Vascular plant

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Vascular Plants
Temporal range: Early Silurian - Recent
Scientific classification
Kingdom: Plantae
Divisions

The vascular plants, tracheophytes or higher plants are plants that have specialized tissues for conducting water, minerals, and photosynthetic products through the plant.

They include the ferns, clubmosses, horsetails, flowering plants, conifers and other gymnosperms.[1]

The vascular plants are set apart in two main ways:

  1. Vascular plants have vascular tissues, which circulate resources through the plant. This feature allows vascular plants to grow to a larger size than non-vascular plants, which lack these specialized conducting tissues and are therefore restricted to relatively small sizes.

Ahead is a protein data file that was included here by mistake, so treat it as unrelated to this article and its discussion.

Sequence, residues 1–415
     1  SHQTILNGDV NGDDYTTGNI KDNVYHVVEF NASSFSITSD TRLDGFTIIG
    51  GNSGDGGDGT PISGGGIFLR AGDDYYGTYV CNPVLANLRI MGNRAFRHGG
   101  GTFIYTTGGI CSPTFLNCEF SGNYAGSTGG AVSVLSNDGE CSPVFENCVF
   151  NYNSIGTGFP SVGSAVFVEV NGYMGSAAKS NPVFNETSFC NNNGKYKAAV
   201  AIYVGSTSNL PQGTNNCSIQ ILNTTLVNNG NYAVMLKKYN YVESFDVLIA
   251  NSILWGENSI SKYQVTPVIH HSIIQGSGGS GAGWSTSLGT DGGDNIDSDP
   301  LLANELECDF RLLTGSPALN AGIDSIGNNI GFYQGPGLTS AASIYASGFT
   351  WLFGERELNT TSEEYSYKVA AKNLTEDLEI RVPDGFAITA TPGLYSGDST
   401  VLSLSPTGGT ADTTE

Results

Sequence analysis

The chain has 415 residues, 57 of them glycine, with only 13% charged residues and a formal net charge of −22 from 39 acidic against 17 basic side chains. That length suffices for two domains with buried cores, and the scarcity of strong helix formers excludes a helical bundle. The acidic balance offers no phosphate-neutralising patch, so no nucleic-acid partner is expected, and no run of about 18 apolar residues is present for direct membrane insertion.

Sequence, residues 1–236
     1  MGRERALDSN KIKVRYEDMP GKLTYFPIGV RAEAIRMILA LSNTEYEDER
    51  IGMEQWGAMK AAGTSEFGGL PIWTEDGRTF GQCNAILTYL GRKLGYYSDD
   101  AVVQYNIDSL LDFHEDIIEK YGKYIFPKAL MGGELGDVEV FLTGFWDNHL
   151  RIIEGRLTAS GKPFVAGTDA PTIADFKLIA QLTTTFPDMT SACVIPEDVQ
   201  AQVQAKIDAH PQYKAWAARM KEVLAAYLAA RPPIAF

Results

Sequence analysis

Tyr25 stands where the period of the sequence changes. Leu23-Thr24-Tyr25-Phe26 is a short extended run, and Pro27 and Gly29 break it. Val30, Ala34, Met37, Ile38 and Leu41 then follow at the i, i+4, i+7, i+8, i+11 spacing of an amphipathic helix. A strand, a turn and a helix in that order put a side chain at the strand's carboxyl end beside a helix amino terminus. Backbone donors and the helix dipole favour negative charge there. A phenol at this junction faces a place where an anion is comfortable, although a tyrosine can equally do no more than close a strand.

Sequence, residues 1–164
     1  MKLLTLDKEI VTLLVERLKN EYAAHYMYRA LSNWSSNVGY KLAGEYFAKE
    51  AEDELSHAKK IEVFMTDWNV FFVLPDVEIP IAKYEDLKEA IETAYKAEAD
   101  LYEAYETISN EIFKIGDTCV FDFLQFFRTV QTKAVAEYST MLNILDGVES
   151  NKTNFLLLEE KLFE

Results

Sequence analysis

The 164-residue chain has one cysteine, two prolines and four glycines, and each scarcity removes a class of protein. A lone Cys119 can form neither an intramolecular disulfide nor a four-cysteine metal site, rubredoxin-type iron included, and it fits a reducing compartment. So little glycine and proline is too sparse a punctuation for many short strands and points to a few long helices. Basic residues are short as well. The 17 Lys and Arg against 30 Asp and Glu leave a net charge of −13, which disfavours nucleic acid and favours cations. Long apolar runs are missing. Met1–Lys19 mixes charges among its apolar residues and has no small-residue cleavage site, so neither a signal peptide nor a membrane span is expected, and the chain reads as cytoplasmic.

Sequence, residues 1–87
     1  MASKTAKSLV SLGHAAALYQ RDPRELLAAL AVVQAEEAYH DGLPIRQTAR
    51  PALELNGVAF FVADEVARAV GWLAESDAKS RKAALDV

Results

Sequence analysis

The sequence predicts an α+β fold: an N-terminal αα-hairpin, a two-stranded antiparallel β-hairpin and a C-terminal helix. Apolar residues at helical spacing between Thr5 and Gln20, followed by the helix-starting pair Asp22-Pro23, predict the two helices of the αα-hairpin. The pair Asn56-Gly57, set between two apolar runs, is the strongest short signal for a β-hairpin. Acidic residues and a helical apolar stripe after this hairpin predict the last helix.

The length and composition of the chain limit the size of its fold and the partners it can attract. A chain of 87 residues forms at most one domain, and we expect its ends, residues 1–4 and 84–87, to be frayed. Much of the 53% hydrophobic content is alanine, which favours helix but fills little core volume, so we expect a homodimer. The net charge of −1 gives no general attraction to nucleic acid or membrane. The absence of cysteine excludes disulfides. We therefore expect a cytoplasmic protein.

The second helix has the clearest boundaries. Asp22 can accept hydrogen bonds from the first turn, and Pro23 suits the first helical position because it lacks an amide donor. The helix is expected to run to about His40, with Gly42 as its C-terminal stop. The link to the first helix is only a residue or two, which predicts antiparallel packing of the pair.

2. In vascular plants, the principal generation phase is the sporophyte, which is diploid with two sets of chromosomes per cell.[2]

Water transport happens in either xylem or phloem: xylem carries water and inorganic solutes upward toward the leaves from the roots, while phloem carries organic solutes throughout the plant.

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  1. Scientific names are Tracheophyta and Tracheobionta, but neither is very widely used.
  2. In non-vascular plants, the principal generation phase is often the gametophyte, which is haploid with one set of chromosomes per cell.